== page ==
Dominican Jazz musicians
Dominican Jazz musicians

Some 3,000 patrons congregated at the 9th Jazz 'n Creole musical festival that has grown over time to be a spectacular event. The groups of Pan in Harmony, Stars Combo led by Peter Letang and Xtacy, who finally brought down the curtains, all had memorably performances. But it was the headlining acts of our Princess of Song, Michele Henderson and Xavier Strings, which really were fascinating.

For the second year in succession Dominica's Princess of Song stole the spotlight with professionalism, a well-rehearsed and skillful group of musicians, varied repertoire and powerful vocal execution. Michele Henderson, easily one of the most versatile and profound artiste in this region and an international act by any standard, represented Jazzy expressions, Soul, Cadence, Folk and presented a tribute to Prince ( Purple Rain) and medley by one of her icons, Stevie Wonder, which really stunned the audience.

One woman who stood close by stated: "But Michele getting better and better every year, man!"

She was sensational, and I felt proud that Dominica could have someone of such talent and acclaim since the likes of Exile One, Grammax, Ophelia and more recently Nasio.

Even without infusing French musicians in her backing accompaniment, as is a staple of most Michele's big shows, the local backing-group of Jerry, Junior, Leon and company was fantastic in all departments.

This must have been a hard act to follow for the sisters from TNT, Xavier Strings. They started cautiously, I thought, feeling out the patrons with some Jazzy and classics. For me, what was sensational about the sisters was their taking of a traditionally classical instrument, which is normally presented with conductors, and made it Caribbean, with their dance choreography and flair. The harmonization of their violin was brilliant as they stepped up the pace with songs representative of slavery, old Calypso from Sparrow and Kitchener and on to popular Reggae numbers.

A vocal attempt at some well-known tracks of the soon-to-be-released- from-prison Buju Banton, probably was the weakest link in their repertoire, notwithstanding the singalong audience. However, when the duo broke into the more traditional Afro Caribbean and current TNT Soca hits with the violin for which they are renowned, the venue went ablaze. The only local composition "Ani bi yo love" was a hit worth doing twice even as they left the stage to intermingle with patrons who were by this time in frenzy. In spite a few minor technical and music co- ordination glitches with their backing trio of musicians, they represented well with versatility, dexterity and did it all, with a smile.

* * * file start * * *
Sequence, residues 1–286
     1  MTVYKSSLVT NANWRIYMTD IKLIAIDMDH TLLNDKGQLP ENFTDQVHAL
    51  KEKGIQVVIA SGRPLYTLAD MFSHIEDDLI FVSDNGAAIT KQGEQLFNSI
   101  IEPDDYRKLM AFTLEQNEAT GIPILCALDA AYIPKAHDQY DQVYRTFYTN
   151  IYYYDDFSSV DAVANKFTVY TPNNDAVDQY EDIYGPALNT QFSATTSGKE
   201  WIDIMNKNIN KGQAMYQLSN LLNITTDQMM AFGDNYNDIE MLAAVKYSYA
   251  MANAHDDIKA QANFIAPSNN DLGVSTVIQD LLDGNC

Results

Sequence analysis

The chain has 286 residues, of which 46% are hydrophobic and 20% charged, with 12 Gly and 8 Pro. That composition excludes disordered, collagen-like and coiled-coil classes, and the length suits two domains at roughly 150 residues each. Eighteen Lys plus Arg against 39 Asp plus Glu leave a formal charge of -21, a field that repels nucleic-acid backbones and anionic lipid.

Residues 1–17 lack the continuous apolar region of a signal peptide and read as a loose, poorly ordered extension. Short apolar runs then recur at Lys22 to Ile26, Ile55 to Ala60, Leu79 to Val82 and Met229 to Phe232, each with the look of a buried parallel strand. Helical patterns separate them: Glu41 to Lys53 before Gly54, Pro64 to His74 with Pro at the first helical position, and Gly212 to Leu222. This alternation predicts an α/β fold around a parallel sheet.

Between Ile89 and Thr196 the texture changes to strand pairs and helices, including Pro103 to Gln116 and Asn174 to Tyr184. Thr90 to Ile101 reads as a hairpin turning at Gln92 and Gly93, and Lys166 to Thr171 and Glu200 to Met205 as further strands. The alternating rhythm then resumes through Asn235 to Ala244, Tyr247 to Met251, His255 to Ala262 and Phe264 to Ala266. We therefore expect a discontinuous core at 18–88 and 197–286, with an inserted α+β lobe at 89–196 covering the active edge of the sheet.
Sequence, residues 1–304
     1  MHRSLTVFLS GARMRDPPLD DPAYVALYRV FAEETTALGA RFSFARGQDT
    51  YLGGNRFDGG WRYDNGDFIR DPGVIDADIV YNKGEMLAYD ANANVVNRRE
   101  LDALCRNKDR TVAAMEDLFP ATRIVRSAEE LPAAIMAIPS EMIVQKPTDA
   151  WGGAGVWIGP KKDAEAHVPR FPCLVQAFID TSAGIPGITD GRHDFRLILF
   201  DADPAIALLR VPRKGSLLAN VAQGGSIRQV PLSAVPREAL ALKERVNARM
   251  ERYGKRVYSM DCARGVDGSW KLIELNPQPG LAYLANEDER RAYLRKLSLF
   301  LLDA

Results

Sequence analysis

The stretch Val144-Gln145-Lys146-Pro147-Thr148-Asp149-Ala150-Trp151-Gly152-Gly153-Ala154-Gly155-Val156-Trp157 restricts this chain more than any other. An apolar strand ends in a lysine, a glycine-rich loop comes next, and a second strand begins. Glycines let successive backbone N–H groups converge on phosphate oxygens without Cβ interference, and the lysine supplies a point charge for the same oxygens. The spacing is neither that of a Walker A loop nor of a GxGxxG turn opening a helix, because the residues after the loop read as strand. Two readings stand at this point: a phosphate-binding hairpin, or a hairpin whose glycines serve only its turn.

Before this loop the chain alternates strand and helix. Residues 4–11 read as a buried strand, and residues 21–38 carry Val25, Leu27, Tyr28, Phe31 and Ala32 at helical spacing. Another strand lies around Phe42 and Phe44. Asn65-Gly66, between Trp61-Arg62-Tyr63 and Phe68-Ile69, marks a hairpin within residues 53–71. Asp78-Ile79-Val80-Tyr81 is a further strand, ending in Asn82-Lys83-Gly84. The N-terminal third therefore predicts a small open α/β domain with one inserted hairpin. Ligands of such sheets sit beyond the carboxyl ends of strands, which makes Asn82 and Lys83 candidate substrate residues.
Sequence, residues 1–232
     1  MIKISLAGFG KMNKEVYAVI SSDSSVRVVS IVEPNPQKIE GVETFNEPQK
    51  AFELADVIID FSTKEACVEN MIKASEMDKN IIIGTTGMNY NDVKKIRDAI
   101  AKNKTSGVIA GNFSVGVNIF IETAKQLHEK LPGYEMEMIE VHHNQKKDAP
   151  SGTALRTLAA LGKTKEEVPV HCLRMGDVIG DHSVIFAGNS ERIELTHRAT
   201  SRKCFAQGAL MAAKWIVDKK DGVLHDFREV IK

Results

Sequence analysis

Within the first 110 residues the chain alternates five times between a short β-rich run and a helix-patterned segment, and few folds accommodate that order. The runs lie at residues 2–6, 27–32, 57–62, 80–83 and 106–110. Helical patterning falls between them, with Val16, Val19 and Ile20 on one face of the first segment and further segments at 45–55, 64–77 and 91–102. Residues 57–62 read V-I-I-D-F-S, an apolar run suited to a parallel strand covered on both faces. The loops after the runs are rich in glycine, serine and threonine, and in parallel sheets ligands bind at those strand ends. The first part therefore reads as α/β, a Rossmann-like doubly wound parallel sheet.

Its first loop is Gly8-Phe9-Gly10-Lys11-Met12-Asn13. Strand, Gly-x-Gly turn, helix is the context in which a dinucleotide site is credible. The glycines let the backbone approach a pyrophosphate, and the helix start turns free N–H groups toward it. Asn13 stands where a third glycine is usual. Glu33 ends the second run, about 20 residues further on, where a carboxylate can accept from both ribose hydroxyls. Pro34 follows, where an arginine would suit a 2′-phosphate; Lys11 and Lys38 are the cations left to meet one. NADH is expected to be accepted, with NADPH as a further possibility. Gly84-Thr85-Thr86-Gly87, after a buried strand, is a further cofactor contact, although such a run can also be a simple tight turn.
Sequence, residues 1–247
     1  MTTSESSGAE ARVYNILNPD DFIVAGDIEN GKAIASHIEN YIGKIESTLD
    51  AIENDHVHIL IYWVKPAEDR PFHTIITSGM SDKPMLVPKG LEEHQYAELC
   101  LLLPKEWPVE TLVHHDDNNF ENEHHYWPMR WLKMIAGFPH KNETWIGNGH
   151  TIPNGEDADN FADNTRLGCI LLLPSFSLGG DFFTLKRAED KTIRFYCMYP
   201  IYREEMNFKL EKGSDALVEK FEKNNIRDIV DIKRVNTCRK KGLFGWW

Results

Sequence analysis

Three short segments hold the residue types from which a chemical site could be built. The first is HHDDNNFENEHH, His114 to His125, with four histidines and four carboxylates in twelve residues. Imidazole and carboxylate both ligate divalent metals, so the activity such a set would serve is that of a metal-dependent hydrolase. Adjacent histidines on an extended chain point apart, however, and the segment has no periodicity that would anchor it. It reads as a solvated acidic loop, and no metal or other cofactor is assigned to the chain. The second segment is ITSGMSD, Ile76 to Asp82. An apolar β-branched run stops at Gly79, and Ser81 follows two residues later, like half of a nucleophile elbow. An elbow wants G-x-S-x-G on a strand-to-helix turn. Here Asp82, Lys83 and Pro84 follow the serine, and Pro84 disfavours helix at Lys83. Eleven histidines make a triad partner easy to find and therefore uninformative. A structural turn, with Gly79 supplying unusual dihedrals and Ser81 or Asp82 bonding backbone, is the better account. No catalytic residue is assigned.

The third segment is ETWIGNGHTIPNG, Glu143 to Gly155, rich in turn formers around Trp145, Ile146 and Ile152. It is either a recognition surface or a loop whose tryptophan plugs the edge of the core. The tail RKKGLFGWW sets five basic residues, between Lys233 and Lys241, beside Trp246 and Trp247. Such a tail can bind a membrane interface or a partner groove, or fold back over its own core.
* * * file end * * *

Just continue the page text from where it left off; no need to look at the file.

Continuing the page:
If the festival was great then the setting itself must be considered to be one of the headliners of the event; tranquil and romantic, steeped in history, cobblestone relics and beauty, overlooking the Atlantic where canons loom in defense of a country, a Fort, is now the home of the Jazz & Creole. It was built some 250 years ago and recently renovated under the watchful supervision of historian Dr. Lennox Honychurch.

It is obvious that patrons do not just come to the Jazz 'n Creole festival for a fantastic show alone but to mingle, socialize, feel the Atlantic breeze in the high elevation of Fort Shirley, to be part of the breath- taking ambience, and immerse oneself in food and drink. This is why the Ministry of Tourism must maintain such a venue because it is unique in these parts.

I must also tip my hat, though I am not wearing one, to the organizers as the actual execution of the show represented a sense of order and preparatory work, from the bus shuttle service, the clear demarcation for various levels of patrons enforced by the police at the grounds. The stage management was also creditable. Certainly, like the festival, the organizational capacity has grown and what is left to be achieved is greater marketing, more appealing international acts, and the creation of space and improved accommodation as the Minister of Tourism has alluded to even as the festival peaks.

I am tempted to rechristen the event Creole and Jazz instead of Jazz 'n Creole as the Creole aspect over the years has proven to be the dominant factor. Nevertheless, I guess for marketing purposes and not to be confused with the WCMF, a jazzy creole inflection is quite in order. The new acting festival director, with the staff of the DFC and Discover Dominica can take a bow for a well-executed event.